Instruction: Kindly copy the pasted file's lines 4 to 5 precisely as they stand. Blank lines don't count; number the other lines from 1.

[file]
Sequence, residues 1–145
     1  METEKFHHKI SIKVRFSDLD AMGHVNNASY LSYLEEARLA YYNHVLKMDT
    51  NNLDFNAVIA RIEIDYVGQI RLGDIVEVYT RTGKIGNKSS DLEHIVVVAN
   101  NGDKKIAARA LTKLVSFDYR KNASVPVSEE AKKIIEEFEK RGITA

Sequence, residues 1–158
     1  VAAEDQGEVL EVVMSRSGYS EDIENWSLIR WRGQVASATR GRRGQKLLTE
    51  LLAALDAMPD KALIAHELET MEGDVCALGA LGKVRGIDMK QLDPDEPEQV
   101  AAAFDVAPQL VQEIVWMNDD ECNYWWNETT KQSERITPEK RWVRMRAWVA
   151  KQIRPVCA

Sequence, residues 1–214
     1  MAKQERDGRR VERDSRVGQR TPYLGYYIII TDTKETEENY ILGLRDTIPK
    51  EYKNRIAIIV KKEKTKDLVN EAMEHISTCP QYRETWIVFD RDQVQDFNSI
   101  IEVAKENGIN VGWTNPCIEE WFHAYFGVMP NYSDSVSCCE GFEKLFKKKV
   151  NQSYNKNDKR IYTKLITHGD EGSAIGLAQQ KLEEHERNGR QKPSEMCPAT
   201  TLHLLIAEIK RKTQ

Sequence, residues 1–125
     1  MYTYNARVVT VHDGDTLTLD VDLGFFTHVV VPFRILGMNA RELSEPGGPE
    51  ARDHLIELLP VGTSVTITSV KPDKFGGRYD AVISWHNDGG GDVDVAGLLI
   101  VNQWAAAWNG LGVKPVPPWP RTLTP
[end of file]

   101  NGDKKIAARA LTKLVSFDYR KNASVPVSEE AKKIIEEFEK RGITA

Sequence, residues 1–158